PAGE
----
Did the 50p tax bring in no money at all?

18th Apr 2012

"[The 50p] top rate of tax has not raised any money." David Cameron, Prime Minister's Questions, 18 April 2012

The ongoing fallout from last month's Budget announcement (described by Ed Miliband as an "omni-shambles") dominated the first PMQs since the Easter break.

Tax in particular was a hot topic, with both the taxation changes made in the Budget and the personal tax affairs of the London Mayoral candidates getting much attention.

As the PM was preparing to leave the Chamber at the end of the allotted half hour Shadow Chancellor Ed Balls rose to accuse the Prime Minister of giving inaccurate information to the House on the sums raised by the 50p tax rate. So did it really raise no money at all?


Well according to the Chancellor, George Osborne, the 50 pence tax rate did raise money. As part of the 2011 Budget Mr Osborne asked Her Majesty's Revenue and Customs (HMRC) to look at how much money was raised by the 50 pence rate, focusing on self-assessment tax receipts.

In his 2012 budget speech he commented on the findings of the report:

"The increase from 40p to 50p raised just a third of the £3 billion we were told it would raise."

(A video of the relevant part of the speech can be found here.)

So according to the Chancellor the 50 pence tax raised £1 billion.

We can also find this figure within the report from HMRC he referred to: 'The Exchequer effect of the 50 per cent additional rate of income tax.' This report found that:

"The conclusion that can be drawn from the Self Assessment data is therefore that the underlying yield from the additional rate is much lower than originally forecast (yielding around £1 billion or less), and that it is quite possible that it could be negative."

While this does leave open the possibility that the impact of the rise in the top rate of tax to 50p may not have increased the amount taken by the Treasury, and may even have lost it money, it is just a possibility.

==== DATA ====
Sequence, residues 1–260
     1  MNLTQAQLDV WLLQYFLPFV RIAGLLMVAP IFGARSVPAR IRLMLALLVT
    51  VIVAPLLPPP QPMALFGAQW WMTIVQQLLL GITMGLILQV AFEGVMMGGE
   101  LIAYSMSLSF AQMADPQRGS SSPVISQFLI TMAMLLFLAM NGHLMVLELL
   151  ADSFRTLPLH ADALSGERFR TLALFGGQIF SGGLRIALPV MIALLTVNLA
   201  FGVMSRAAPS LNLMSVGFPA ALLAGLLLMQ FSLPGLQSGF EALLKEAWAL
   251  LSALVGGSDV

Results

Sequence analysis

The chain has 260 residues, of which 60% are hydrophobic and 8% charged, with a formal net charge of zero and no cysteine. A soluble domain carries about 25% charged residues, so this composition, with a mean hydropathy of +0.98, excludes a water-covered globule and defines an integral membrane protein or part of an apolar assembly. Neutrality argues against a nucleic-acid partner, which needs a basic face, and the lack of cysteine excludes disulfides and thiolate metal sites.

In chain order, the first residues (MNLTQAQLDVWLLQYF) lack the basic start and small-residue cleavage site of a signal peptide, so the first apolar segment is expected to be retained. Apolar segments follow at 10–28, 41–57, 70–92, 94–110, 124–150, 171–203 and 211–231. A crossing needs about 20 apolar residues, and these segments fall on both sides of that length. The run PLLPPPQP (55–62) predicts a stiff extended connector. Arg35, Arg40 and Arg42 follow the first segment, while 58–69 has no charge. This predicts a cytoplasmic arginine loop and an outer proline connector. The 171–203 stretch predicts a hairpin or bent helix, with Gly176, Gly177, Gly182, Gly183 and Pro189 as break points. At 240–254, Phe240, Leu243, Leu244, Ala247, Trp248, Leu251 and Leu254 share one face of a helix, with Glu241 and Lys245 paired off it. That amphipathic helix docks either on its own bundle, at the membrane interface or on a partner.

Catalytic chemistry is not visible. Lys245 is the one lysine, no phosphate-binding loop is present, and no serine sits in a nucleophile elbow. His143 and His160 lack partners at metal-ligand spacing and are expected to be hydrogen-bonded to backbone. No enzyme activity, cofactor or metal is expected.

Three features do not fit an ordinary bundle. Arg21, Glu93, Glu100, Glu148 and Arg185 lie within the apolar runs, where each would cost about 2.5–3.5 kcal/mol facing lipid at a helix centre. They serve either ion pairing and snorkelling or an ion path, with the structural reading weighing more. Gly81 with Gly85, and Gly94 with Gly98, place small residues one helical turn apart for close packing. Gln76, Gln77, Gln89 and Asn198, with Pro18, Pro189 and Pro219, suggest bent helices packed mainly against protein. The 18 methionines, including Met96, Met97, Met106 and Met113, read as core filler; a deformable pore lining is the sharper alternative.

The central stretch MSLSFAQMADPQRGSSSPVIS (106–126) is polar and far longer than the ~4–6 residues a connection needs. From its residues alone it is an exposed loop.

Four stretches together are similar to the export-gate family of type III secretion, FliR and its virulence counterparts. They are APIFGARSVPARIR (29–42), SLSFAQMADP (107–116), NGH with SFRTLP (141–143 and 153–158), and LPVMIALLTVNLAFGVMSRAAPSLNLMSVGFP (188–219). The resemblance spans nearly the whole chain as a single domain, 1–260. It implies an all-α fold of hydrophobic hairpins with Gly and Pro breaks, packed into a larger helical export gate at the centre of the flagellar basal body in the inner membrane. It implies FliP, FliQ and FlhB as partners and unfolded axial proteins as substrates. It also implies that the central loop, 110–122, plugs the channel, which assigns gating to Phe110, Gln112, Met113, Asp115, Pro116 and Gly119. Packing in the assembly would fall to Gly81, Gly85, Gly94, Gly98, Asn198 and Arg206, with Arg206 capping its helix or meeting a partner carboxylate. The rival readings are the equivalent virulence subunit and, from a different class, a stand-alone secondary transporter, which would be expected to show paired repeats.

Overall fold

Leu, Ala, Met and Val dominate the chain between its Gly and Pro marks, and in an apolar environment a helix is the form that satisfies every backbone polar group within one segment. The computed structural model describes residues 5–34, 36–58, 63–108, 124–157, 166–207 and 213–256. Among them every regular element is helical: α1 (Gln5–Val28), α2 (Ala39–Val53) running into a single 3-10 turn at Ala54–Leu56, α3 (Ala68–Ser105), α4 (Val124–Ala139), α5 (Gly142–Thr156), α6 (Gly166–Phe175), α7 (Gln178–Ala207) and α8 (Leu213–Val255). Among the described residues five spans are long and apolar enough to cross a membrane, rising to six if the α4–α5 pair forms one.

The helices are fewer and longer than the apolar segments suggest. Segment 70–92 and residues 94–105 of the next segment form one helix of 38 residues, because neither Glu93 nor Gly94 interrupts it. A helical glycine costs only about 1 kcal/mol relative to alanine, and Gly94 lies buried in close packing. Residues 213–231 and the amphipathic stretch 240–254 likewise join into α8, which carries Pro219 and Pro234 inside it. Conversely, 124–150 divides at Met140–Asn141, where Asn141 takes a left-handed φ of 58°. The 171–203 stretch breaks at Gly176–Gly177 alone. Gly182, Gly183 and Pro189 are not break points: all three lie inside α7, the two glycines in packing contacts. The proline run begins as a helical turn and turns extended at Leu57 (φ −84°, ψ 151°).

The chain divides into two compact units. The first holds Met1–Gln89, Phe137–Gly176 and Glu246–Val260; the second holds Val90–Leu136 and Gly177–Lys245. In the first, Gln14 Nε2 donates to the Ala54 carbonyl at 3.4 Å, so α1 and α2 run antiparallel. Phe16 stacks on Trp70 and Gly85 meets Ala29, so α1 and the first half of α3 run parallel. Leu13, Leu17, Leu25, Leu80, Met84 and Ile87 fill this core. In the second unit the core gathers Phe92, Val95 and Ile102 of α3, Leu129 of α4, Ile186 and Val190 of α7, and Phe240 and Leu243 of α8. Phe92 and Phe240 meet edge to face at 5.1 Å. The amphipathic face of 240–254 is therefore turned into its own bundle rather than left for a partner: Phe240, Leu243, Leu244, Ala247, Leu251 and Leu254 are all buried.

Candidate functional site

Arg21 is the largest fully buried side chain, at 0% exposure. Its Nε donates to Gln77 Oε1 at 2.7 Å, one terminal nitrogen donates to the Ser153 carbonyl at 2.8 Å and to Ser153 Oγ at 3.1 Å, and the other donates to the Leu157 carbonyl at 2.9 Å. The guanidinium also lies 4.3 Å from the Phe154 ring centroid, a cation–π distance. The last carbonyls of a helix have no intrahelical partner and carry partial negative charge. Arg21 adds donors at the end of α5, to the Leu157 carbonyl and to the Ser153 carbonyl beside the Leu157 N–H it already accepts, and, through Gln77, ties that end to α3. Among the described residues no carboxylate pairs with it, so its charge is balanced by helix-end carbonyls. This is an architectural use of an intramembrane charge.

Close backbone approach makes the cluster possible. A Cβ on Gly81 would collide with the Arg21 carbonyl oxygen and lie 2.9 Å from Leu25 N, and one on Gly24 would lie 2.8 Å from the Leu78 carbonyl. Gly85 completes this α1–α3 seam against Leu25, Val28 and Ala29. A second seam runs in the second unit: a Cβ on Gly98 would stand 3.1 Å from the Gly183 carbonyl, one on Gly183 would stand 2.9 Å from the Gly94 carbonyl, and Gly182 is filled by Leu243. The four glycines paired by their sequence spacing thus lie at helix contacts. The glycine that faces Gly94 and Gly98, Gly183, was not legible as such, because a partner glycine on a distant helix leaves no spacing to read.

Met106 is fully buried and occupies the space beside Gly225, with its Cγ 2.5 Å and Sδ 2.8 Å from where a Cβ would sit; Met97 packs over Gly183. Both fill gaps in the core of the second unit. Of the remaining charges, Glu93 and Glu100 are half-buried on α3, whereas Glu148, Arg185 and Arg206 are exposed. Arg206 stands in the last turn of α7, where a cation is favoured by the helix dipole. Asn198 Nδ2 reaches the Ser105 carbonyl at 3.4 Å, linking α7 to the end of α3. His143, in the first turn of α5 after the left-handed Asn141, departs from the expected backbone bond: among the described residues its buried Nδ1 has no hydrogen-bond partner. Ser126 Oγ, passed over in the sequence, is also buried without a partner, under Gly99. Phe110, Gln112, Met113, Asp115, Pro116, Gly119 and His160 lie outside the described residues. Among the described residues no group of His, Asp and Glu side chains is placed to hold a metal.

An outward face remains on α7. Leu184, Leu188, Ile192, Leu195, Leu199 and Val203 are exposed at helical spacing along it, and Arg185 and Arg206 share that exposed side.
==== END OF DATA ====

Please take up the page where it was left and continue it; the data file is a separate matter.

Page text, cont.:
As the report itself notes, there is "uncertainty around these estimates" owing to the fact that it isn't clear how people changed their behaviour in terms of reporting taxable income in the two years either side of the change.


In as much as HMRC did put a figure on the amount generated by the 50p tax rate, the sum seems to be £1 billion, something acknowledged by the Chancellor himself in his Budget statement. While HMRC does recognise the possibility that the tax rate may have had a negative impact upon tax take, this appears to be a hypothetical lower limit to the 'headline' estimate.

The concerns raise by Ed Balls therefore seem sound, and the Prime Minister will have to clarify to the House whether his claim was a slip of the tongue, or if he has any further evidence to back up his position.

Update: One reader has pointed out that according to HMRC's calculations, all of the increased tax take occured in the first year of its operation, when people may not have had a chance to adapt their behaviour to account for the changes. In the second year of its operation it actually incurred a loss to the Exchequer. So while we focus here on David Cameron's claim that it has not raised any money and find that it isn't strictly true, we can't infer from this that it would have continued to make the Treasury money in the future.